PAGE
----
An Anonymous Teaching Journal
02 April 02
This has been a common concern for myself: What do I do with students who are just as stubborn as I am when it comes to certain issues? I was facilitating class the other day, and the topic was homosexuality. Should homosexuals be allowed to marry? Also, should homosexuals be able to adopt? The subject of the essays to be read for that day were along the lines of the first question.
Many of my students in the first class of the day, as well as my last class, are open to MANY opinions. They almost have to be to deal with me and college, in general.
So, we begin conversing. A particular student seems quiet opinionated in the opposite direction of most of the other class members. And to my thoughts. This doesn't bother me, personally, but I find myself not knowing how to handle the student's remarks as well as keeping the discussion going towards some sort of vague conclusion- where many arguments and discussions lead, of course (that should just be the way it is, right?).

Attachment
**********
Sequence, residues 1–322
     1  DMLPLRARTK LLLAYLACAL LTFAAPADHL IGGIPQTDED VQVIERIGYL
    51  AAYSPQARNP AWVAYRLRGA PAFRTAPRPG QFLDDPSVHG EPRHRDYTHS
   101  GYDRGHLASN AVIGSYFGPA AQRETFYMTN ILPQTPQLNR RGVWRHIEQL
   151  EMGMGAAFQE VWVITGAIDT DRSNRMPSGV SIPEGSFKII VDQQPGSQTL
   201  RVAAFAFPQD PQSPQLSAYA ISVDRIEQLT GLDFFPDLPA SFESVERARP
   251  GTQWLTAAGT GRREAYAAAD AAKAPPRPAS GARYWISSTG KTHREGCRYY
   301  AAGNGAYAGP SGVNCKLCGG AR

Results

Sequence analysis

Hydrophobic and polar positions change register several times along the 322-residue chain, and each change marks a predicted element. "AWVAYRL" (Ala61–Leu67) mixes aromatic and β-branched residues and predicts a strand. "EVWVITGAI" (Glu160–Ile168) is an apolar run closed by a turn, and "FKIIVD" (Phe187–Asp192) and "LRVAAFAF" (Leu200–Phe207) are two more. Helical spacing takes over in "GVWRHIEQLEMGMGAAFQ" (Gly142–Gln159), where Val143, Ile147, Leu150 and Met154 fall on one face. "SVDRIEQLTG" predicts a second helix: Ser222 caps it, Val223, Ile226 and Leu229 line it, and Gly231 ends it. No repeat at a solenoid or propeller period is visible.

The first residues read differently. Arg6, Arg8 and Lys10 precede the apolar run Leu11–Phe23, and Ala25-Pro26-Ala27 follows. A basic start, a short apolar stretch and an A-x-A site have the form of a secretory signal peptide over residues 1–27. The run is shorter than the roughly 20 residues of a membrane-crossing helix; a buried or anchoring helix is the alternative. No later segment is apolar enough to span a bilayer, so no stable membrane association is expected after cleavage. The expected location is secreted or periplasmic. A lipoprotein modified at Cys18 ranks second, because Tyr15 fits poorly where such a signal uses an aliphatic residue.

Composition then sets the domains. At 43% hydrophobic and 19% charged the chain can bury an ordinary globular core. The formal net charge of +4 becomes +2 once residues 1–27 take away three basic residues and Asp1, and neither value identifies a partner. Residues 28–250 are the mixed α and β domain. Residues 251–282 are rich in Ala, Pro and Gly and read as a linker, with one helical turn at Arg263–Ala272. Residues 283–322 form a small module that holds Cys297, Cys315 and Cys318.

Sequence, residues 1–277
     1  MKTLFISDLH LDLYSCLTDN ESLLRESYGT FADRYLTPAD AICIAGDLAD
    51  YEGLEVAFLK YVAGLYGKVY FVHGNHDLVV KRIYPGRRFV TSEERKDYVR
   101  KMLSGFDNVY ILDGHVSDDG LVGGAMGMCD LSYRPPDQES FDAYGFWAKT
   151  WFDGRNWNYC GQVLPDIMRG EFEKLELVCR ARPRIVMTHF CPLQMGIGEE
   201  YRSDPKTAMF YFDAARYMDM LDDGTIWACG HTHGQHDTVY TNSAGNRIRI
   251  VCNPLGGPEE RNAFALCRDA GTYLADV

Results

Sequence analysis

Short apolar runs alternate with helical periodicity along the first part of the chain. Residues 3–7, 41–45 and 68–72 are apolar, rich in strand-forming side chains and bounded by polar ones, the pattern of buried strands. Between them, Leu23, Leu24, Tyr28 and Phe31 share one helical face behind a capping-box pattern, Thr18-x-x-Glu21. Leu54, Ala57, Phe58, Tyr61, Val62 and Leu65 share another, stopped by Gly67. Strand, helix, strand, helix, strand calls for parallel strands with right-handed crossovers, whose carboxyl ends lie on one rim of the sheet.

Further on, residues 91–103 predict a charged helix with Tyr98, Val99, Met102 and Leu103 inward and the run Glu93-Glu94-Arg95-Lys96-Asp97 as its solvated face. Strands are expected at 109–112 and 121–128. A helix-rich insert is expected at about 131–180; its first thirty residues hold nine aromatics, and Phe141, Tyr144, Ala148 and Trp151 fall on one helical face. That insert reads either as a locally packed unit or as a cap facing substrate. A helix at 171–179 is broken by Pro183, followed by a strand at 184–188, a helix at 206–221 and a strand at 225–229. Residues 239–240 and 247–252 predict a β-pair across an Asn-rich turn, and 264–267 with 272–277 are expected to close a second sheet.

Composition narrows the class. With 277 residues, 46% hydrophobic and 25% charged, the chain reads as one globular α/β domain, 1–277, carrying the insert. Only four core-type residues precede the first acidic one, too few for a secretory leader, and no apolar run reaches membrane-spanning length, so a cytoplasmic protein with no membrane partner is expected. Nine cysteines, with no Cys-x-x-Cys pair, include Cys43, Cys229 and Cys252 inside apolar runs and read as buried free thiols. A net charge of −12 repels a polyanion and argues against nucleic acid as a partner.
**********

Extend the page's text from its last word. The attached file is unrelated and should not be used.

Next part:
Many students commented to me after the discussion about the way I handled it all. They seemed to think that what I did was okay. There really was no other way. Some mentioned that is was good for me to back away and let other students bring up the contrary to this student's feelings. At least then it doesn't look like I am 'attacking' that student. I simply agreed. It's difficult to determine the 'correct' way of going about those type of sticky situations.
In high school classrooms, it would be taboo to discuss those things. This, though, needs to be changed.
Overall, I like teaching my classes. They keep me on my toes, and there is nothing that I really 'can't' say. There is nothing they can't say either that will disturb me, unless it is about myself, I suppose.